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Federal Legislative Research: U.S. Code

What is the United States Code?

U.S. Code

The United States Code is the codification by subject matter of the general and permanent laws of the United States. It is divided by broad subjects into 51 titles and published by the Office of the Law Revision Counsel of the U.S. House of Representatives. The U.S. Code was first published in 1926. The next main edition was published in 1934, and subsequent main editions have been published every six years since 1934. In between editions, annual cumulative supplements (AKA pocket parts) are published in order to present the most current information. There is usually about a two year delay in the publication of the U.S. Code. 

Positive Law

Positive law codification is the process of revising and enacting the general and permanent laws of the United States, title by title. The Office of Law Revision Counsel is authorized by law to continously review and codify the laws that are required to be incorporated into the U.S. Code. They remove any inconsistent, redundant, and obsolete laws, and amend the code with new laws that are passed. When the project is complete, all of the U.S. Code will be legal evidence of the general and permanaent laws and reference to the United States Statutes at Large for legal evidence of the law will no longer be necessary. Titles that have not been enacted into positive law are only prima facie evidence of the law. In that case, the Statutes at Large still govern.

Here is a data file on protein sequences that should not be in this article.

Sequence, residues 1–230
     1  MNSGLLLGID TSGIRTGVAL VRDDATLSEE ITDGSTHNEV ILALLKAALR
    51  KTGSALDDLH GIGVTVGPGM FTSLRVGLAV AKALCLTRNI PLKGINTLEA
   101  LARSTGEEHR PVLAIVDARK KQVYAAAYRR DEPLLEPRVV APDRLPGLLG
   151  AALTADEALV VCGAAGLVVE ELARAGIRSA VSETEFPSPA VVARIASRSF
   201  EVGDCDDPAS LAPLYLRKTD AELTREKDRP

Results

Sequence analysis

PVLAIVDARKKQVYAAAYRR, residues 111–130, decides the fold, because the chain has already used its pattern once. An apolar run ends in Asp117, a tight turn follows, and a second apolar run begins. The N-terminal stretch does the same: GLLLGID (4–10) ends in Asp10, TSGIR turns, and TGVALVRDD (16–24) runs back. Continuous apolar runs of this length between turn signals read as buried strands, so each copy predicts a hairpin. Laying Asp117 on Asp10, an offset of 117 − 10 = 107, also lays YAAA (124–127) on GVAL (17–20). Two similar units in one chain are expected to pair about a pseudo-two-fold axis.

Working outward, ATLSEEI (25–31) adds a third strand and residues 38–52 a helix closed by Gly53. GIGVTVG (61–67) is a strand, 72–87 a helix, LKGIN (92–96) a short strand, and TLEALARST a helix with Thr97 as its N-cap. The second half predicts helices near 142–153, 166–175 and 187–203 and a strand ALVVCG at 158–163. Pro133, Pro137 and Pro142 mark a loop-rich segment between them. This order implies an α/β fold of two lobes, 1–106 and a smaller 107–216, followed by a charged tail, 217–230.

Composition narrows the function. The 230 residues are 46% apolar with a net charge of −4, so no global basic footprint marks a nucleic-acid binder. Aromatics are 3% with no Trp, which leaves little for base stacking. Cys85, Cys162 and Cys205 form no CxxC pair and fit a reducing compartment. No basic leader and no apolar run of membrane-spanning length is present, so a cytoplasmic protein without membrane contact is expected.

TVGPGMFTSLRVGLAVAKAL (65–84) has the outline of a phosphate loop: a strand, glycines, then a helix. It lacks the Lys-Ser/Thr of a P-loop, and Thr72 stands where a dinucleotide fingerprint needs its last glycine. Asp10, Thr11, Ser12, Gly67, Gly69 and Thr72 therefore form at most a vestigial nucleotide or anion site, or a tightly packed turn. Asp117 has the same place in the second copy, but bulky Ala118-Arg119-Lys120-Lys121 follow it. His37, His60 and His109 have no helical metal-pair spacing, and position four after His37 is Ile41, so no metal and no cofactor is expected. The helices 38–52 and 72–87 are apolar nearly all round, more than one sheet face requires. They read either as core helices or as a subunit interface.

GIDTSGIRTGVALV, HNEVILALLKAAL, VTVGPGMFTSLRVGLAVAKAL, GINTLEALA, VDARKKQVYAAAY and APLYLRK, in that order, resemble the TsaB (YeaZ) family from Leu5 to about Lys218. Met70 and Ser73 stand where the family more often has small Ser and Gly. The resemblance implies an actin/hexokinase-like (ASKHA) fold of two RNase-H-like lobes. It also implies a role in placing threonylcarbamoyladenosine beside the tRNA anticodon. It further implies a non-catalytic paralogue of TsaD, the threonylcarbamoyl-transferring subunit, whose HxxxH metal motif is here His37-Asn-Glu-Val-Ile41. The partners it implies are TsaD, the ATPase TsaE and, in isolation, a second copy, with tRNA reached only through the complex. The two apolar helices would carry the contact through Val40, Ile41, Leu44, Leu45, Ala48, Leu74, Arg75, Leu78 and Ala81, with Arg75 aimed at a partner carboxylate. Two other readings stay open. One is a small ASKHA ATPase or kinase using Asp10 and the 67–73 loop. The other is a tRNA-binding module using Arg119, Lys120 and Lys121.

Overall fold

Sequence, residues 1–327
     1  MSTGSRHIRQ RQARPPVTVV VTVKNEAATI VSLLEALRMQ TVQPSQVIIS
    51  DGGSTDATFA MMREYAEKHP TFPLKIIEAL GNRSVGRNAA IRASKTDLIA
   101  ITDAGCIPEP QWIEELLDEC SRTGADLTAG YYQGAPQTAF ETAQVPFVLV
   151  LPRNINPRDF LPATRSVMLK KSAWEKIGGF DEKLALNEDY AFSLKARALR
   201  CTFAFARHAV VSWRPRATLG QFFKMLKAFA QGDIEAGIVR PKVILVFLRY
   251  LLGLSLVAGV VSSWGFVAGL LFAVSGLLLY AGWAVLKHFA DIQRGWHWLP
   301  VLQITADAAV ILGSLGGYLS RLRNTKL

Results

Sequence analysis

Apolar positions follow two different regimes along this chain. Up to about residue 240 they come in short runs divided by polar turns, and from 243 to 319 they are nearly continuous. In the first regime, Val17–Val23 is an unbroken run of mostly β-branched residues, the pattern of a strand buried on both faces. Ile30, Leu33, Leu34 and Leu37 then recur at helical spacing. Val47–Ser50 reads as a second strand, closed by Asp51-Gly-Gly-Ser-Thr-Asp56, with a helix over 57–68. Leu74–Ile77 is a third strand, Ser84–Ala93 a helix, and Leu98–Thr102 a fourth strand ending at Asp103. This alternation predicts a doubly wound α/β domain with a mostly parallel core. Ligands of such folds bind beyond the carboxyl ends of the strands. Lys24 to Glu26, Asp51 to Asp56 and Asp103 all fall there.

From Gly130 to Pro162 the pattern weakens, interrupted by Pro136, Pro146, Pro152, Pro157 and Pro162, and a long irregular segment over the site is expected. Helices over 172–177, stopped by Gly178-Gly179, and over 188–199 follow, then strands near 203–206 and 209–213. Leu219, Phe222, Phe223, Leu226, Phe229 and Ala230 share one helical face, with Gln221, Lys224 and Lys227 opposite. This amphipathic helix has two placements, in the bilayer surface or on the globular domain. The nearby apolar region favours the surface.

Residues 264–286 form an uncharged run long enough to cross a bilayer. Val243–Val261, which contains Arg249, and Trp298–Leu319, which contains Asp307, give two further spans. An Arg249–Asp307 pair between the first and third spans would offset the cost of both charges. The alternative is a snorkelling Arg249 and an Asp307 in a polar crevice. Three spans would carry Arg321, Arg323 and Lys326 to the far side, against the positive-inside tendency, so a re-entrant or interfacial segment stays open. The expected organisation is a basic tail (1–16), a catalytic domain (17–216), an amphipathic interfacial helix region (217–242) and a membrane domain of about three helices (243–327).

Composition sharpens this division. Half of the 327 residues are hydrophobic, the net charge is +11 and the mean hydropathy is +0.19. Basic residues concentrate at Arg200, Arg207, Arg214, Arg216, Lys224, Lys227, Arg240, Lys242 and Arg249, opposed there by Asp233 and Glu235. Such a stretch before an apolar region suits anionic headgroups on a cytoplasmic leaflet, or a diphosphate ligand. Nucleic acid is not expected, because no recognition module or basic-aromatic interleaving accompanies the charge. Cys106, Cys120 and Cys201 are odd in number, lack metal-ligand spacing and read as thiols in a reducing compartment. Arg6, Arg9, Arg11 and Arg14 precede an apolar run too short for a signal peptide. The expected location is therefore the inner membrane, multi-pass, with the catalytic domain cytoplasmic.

Currently, 26 of the 51 titles have been enacted into positive (statutory) law. These titles are 1, 3, 4, 5, 9, 10, 11, 13, 14, 17, 18, 23, 28, 31, 32, 35, 36, 37, 38, 39, 40, 41, 44, 46, 49, 51, and 54.

U.S.C.A. and U.S.C.S. 

There are two annotated version of the U.S. Code that are published: United States Code Annotated (U.S.C.A.) is a West publication, and United States Code Service is published by LexisNexis. Both reprint the text of the U.S. Code, but also offer bonus information, like: 

  • Interpretive Notes & Decisions (a digest of cases that have interpreted a Code section)
  • References to Topic and Key Numbers
  • References to secondary sources
  • Supplementary pamphlets that indicate Public Laws that have been enacted since the last publication of the a Title
  • Popular Name Tables
  • Additional Indexes
These publications are NOT official sources of the law and should NOT be cited, nor should the annotations be referenced in court documents. Rather, the citation should always be to the official primary source, the U.S. Code or the Statutes at Large. 

Electronic Sources of the U.S. Code

Print Sources of the U.S. Code

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